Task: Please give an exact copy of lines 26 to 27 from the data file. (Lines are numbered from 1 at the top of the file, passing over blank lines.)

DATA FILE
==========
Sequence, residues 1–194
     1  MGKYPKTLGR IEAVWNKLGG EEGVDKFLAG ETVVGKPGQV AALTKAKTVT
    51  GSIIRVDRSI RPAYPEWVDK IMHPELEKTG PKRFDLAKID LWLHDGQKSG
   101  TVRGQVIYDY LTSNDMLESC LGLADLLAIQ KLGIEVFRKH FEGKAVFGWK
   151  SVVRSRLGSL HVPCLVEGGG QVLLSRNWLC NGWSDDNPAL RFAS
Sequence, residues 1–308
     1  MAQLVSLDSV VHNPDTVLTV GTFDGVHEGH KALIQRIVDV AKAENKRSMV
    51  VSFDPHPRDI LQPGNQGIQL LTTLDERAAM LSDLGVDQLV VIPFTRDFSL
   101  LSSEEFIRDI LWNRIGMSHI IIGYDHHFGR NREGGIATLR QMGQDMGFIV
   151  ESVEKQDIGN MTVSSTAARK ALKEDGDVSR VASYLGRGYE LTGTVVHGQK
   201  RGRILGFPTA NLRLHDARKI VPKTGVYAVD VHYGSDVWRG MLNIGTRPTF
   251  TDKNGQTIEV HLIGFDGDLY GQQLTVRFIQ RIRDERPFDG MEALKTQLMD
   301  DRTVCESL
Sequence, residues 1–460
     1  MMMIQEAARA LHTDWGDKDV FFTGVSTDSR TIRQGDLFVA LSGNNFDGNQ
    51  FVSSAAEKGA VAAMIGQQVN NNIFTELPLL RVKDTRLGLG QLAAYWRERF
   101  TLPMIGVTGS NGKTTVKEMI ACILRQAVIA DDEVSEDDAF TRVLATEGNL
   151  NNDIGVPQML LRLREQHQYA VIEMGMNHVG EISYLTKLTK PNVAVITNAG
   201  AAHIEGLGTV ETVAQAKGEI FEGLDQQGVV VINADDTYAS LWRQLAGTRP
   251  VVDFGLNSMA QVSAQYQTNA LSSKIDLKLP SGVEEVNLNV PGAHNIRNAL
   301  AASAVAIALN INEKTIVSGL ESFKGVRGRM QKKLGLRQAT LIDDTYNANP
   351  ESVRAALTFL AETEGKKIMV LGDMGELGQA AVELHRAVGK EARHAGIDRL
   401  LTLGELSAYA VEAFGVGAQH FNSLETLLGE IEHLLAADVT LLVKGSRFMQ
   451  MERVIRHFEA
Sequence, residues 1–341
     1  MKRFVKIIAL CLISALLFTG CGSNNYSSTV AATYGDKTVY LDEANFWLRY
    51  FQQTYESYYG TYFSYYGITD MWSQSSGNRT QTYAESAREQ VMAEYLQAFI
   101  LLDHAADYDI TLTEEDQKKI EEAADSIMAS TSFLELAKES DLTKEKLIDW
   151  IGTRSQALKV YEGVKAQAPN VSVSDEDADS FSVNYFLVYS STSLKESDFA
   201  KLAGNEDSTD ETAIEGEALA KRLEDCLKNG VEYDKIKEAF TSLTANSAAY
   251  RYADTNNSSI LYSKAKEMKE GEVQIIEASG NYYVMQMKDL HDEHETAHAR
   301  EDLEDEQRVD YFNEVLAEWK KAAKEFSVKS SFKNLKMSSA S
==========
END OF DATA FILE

     1  MKRFVKIIAL CLISALLFTG CGSNNYSSTV AATYGDKTVY LDEANFWLRY
    51  FQQTYESYYG TYFSYYGITD MWSQSSGNRT QTYAESAREQ VMAEYLQAFI